Drone camera and scanned structures laid the foundation for models of Kiruna’s new railway station
In the master studio Northern Grounds, the students were given the assignment to suggest a design for a new railway station in Kiruna. The station had to be adapted to the location and the assignment included using parts of buildings that were being razed. The studio used drones from the DiSa lab and scanned representations of building parts. The result was interesting, rich in information and beautiful.
A recurring part of the studio Northern Grounds – a project course at master’s level for architectural students, initiated by Ulrika Knagenhielm-Karlsson and Cecilia Lundbäck and that in the spring of 2022 was led by Ulrika Knagenhielm-Karlsson and Erik Swahn – is the problematization of architectural issues, cities and landscapes in the north as well as relations between infrastructure, energy and architecture. But the objects of study differ. This year they took a closer look at Kiruna, where buildings are moved and razed when the city gets a new location. The student’s assignment was to design a new railway station to replace the old one that was torn down almost ten years ago. The overarching question circled around what it means to dismantle, reassemble and recycle buildings.
“We went to Kiruna with the students and studied what will perhaps be razed, and what has already been dismantled”, explains Ulrika Knagenhielm-Karlsson. “The students documented a lot of the material by scanning it and we documented the location of the new railway station.”
Smooth shooting for recently graduated remote pilots
Ulrika Knagenhielm-Karlsson and Erik Swahn used a drone from the DiSa lab to shoot the planned location for a new station. To use a drone they were required to register with and obtain a remote pilot certificate from the Swedish Transport Agency. Since they were shooting less than five kilometres from the airport they also needed to be in contact with the airport traffic control tower and ask for permission before they flew. On a couple of occasions, they were instructed to land the drone to maintain safety margins. Apart from that, the only difficulty lay in seeing the drone when they were blinded by the sun. The advantages of the drone are otherwise that it is very precise in position, height and angle and allows the user to observe the world in three dimensions.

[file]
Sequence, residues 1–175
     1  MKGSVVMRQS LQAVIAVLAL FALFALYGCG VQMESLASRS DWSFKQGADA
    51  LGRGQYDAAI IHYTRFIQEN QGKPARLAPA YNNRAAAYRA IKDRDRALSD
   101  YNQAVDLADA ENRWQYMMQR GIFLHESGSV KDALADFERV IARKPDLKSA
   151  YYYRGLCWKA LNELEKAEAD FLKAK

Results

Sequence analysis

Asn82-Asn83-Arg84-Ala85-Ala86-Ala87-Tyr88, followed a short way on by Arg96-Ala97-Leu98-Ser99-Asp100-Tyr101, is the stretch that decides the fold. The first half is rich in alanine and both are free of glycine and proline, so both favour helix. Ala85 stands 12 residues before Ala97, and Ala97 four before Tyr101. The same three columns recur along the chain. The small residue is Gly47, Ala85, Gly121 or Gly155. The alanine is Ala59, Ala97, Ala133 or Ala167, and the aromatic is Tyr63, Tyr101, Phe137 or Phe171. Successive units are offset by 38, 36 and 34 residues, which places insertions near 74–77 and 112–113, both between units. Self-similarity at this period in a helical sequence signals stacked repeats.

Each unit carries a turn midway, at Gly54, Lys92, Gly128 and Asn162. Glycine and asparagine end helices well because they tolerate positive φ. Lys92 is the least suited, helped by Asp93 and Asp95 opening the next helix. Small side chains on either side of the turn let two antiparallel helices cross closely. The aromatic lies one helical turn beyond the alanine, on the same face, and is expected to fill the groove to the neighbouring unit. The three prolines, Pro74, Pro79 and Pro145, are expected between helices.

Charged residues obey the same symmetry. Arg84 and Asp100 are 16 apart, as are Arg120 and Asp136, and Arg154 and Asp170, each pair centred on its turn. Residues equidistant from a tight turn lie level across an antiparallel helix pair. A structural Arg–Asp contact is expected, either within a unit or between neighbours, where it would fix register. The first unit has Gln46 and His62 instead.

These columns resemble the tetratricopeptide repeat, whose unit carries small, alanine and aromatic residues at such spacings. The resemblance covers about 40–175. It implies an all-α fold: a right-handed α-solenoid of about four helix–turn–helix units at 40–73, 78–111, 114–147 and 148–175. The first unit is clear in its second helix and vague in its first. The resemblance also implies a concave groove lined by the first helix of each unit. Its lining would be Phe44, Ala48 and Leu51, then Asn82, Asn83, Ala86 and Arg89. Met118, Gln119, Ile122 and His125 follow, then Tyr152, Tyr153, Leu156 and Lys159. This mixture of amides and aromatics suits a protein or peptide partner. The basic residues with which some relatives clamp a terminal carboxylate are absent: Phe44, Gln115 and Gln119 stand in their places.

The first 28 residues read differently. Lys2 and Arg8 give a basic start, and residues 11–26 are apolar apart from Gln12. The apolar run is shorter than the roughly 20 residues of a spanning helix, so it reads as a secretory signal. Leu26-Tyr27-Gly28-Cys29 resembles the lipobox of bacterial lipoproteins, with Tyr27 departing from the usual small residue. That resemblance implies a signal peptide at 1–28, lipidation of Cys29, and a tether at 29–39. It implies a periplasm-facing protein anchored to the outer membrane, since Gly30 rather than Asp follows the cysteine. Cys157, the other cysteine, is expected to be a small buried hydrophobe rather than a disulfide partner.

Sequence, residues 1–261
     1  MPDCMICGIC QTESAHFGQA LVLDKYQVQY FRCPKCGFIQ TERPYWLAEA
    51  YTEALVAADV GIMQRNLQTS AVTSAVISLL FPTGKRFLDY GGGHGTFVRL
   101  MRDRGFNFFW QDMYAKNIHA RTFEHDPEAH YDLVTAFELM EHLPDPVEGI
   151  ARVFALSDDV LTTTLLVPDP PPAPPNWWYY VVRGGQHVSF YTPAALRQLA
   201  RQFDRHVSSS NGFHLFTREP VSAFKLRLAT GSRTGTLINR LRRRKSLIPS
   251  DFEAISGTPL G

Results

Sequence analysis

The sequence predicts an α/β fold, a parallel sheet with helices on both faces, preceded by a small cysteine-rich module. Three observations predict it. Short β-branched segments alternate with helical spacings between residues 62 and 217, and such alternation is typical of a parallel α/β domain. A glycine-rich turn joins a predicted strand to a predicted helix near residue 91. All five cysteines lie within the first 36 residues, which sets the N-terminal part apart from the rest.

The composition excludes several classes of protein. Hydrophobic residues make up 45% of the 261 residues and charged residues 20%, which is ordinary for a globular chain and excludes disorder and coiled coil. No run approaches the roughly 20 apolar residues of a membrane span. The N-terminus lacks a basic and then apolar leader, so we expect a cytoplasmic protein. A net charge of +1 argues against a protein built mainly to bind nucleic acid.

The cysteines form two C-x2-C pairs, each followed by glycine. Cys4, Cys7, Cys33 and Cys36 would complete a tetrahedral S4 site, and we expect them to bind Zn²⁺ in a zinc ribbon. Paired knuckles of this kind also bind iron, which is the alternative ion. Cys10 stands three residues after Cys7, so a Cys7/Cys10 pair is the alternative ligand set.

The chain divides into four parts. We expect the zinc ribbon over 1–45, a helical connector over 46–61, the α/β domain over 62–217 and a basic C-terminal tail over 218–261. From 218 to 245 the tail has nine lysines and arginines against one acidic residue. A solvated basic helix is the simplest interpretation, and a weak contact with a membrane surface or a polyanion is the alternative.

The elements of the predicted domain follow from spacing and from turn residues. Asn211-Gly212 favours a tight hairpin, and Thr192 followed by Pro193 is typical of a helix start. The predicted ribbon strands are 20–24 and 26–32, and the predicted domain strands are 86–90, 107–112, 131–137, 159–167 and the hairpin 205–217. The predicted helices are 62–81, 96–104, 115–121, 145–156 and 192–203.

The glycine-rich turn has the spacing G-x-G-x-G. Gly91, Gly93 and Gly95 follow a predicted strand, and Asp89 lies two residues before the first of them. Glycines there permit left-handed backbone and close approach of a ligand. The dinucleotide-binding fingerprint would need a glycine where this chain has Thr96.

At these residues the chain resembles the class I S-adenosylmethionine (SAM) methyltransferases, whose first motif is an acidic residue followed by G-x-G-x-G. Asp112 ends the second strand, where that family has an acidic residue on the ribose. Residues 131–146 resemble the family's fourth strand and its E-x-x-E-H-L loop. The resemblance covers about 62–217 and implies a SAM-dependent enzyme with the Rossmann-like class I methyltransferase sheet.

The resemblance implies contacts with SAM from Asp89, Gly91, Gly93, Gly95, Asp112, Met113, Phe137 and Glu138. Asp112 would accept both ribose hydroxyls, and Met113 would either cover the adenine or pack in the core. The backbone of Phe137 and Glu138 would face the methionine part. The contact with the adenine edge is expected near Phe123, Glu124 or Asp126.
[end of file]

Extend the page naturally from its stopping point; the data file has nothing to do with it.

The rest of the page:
“All in all we were in Kiruna, Abisko and Torneträsk for two days”, says Erik Swahn. “Scanning doesn’t take that much time but you must plan the work, know where to fly and what information you want, e.g if you need details or general information. We had planned it well and thus it didn’t take much time.”
Contact with everyday wear, tear and dirt
The students meanwhile used mobile phones and cameras to document, and measure buildings with photogrammetry, around Kiruna as well as the railway station in Abisko, designed by Folke Zettervall, which resembles the old brick station in Kiruna.
“Some students found it exciting to work with scanning since it is so detailed and takes the everyday wear, tear and dirt into account”, says Ulrika Knagenhielm-Karlsson. “Making site visits and meeting people is important, also during studies.”
Demanding technology makes the students careful
Back at the campus, the students downloaded their files from the journey into a photogrammetry program on the powerful DiSa lab computers. Even with those computers, it can take a long time to enter the information and the students had to find new ways to work where they chose select parts of scanned buildings to work with for their site models.
“It’s necessary to find ways of working to combine the abstract and concrete”, explains Ulrika Knagenhielm-Karlsson. “The students in the studio develop different techniques to work with both lines and geometry – abstraction – as well as with points and highly detailed information. They developed very interesting and beautiful models that were rich in information. Seeing those models gives you much more than if you would only see a geometric model composed of lines.”
Ulrika Knagenhielm-Karlsson and Erik Swahn will continue using the technique with scanning and drones in their teaching, e.g. since those are very good tools to get an impression of a location. Compared to a map it’s more difficult to work with since you get so much information about the existing world. But at the same time, it is easier to make an intrusion when working with blank paper. In the studio, they noticed that the students became more careful when they experienced a real place with terrain, bush wood, houses and a lot of details.
Text: Johan C Thorburn
This is the 35th article in the School of Architecture and the Built Environment's series of articles on selected research, education or collaboration initiatives from each department. You can find the previous articles here: Archive